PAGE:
01/24/2012 12:30 pm ET Updated Mar 25, 2012

The "Wifey Show" Phenomenom: Is Your Fame Credible If It's Based on Who You Sleep With?

I recently had a conversation with my girlfriends about what constitutes credible fame. Is it a talent, skill or notoriety, regardless of its origin? I couldn't help but contemplate this topic considering the fame of women such as the Kardashians and Amber Rose -- their popularity is based on their romantic affiliations. They've managed to transform their former images of groupies into women with business ventures, television shows and other enterprises that fatten their pockets. Other shows that feature the "wives" of prominent men -- the Housewives Franchise, Basketball Wives, Love and Hip-Hop, etc. -- are insanely popular, as well.

The "wives" and "girlfriends" transformed the idea of fame because it no longer requires any skill or talent -- fame is about popularity and name (a.k.a. brand) recognition. Or perhaps the skill these women possess is getting noticed.

Filmmakers such as Tyler Perry recognized opportunities to make money and he's currently under fire for bringing Kim Kardashian on as a cast member for one of his films. His very loyal fan base complained that Kim is not a "role model" or a positive example for young girls. Perry expressed indifference because he knows that Kim will attract an entirely new audience that religiously follows her every move. Amber Rose is a judge on a DJ battle show with no prior experience as a music connoisseur and Nene Leakes graciously blessed us with her attempts at acting via a guest appearance on the hit show Glee. Bethenny Frankel made a fortune from exercise videos and Kim Kardashian runs a posh boutique in Soho.

With these prevalent reminders of non-conventional success in entertainment, it makes me wonder how the concept of fame for women will continue to manifest. The world of reality TV makes the idea of dating a prominent male exciting, especially when it will increase your chance of being plastered on the cover of any tabloid magazine. They are employing Machiavellian tactics to exploit themselves for money -- it's all a means to an end. Their husbands or exes get to use them as arm candy while the ladies cash in from spilling details about their lovers on national television.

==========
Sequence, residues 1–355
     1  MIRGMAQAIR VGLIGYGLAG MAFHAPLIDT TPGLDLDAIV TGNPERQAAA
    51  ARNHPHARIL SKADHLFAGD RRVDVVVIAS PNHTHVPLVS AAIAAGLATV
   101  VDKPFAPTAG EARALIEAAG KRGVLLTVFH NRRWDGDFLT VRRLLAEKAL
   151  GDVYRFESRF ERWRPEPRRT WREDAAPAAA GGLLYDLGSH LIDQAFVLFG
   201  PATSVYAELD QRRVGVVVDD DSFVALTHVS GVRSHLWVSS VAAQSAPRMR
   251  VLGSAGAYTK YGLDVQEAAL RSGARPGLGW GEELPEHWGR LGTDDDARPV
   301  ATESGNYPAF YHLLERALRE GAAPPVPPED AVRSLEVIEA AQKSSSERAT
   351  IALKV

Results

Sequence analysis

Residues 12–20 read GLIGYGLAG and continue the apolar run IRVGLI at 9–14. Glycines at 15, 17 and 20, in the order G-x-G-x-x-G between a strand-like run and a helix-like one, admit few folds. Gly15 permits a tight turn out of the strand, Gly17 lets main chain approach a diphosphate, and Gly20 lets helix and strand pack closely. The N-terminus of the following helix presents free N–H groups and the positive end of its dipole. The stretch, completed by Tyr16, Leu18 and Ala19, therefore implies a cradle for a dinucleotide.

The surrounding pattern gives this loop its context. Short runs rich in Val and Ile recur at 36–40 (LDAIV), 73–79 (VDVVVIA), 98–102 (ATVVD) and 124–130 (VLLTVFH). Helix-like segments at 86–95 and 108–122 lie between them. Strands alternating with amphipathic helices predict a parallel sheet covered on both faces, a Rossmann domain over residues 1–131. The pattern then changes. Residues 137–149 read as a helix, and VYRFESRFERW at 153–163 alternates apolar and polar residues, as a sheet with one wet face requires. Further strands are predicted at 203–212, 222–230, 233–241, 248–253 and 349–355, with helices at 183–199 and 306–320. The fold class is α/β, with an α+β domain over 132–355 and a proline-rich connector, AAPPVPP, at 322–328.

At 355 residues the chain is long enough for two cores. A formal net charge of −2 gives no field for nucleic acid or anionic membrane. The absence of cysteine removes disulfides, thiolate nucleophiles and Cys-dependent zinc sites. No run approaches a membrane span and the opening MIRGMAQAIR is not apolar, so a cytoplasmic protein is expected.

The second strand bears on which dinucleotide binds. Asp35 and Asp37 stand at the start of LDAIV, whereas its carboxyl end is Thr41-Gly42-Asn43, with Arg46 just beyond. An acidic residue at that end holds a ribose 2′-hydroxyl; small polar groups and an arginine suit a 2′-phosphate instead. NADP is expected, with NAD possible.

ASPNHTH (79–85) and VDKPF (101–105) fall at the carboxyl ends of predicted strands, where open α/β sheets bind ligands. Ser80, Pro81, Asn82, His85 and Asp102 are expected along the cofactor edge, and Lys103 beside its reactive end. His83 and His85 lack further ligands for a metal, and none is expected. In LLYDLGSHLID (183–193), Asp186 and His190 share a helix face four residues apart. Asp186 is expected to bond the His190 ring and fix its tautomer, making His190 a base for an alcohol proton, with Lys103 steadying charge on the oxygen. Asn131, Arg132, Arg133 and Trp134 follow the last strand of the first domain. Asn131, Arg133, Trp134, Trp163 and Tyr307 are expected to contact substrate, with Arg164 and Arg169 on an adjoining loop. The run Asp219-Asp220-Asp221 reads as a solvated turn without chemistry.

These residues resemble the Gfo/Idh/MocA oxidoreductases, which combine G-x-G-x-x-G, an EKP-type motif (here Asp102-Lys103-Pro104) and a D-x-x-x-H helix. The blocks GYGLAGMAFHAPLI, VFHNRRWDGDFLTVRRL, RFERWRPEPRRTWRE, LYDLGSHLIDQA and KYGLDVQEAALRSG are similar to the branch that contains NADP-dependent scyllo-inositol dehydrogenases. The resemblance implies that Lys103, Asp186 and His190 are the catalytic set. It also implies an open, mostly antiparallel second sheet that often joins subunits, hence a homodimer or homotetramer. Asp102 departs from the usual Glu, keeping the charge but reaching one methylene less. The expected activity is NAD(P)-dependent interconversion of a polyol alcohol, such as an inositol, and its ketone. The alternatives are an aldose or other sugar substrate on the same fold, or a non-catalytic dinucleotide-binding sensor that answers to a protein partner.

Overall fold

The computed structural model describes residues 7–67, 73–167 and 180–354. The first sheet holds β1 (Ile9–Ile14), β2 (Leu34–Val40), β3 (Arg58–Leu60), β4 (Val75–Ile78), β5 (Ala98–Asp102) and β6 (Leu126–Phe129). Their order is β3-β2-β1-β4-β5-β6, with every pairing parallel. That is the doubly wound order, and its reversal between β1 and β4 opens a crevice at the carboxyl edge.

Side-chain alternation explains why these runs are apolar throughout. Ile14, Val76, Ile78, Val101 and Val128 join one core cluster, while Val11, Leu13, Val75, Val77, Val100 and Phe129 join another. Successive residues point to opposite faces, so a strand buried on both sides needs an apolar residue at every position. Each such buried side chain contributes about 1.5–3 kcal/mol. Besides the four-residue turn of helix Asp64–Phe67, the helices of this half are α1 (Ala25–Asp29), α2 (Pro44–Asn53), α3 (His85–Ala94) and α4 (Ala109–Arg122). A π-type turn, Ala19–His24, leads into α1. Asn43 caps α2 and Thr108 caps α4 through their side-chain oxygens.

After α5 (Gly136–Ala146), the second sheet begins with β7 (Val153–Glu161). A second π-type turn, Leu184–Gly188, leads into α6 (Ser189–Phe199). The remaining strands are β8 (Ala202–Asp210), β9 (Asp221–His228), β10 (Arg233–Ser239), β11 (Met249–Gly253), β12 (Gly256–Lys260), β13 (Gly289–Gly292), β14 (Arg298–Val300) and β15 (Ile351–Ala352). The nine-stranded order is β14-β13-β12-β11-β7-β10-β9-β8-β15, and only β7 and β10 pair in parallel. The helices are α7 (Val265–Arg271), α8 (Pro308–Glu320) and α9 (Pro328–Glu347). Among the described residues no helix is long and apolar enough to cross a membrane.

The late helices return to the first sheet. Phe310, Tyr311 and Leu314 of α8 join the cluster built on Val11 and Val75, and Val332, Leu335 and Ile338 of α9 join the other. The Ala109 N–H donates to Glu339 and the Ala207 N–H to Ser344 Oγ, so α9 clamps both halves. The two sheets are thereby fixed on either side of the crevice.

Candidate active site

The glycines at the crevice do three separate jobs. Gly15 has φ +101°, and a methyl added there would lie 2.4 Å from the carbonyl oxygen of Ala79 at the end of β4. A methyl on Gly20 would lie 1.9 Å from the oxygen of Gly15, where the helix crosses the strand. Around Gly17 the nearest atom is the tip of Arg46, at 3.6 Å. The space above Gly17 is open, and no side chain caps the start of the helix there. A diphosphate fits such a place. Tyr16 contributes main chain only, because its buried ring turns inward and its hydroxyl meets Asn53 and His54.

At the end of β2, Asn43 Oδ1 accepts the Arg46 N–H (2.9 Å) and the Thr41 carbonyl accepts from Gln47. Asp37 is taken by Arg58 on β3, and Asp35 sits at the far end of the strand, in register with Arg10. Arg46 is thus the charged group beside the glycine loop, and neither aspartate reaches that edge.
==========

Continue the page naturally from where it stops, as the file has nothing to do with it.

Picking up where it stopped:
Do you connect with them women in these shows? Do you feel like your life mirrors their experiences in any way? Are you contemplating fame through the world of reality television? In an effort to bring folks back to basics here is a list of warnings to put things into perspective:

• First and foremost, limit your intake and amount of "wifey" reality shows. Please no more than two shows, maximum two hours a week. If not it'll creep into your subconscious, decreasing any objectivity toward the programming before you realize it.

• Understand that these shows are purely for entertainment. Not profound life lessons.

• Don't read tabloid magazines. It's the perfect ingredient to turn your brain into mush. If you must, only while waiting in line at the grocery store or Target!

• Go to school and get a specialized trade. Figure out a skill. Own a business. Your credentials and qualifications will never be taken away from you. In other words, legitimize why people should care about what you do and why you deserve to be on television.

• Have friends with varying levels of success. When you speak to them you'll have a balanced level of exposure and insight to a healthy adult life.

• Stop shopping so much. I know that's hard in an image-conscious society but the temptation for material items grows the more you shop. You will eventually be basing your self worth on where you found the latest Louis Vuitton Bag or who is getting it for you.

• Don't seek out men of power out of desperation or validation. They can smell it and you'll be just another one in line. Sometimes it's better be with a great regular Joe. He'll probably make you happier, more sane and is faced with far less temptation to cheat.

• Stay away from status driven environments if you can. It fuels a desire to keep up with the Jones'.

• Most important of all... don't put your success in the hands of a "wifey" reality show. If you overlook this tidbit, participate at your own risk! Clearly the women who were in these shows took a hint and branched out with additional ventures.

On the surface things may appear to be awesome for these wifeys. However, they endured a lot of drama, infidelity, humiliation, drama and superficial affection from their lovers. And the most popular characters on these programs are also the most miserable because they start the most drama. Even if any of them decide to experience a spiritual soul cleanse from earning money through televised catfights, their prior image lives on forever.

I talk to a lot of women, often, who are chasing fame by any means necessary. But not all of us have the liberty to make huge errors and redeem them. Before throwing your hat into the ring, heavily evaluate if you can handle it and if it's fair to yourself, your loved ones or the man you are using to gain access to opportunities in the first place. The wifey route isn't for everyone.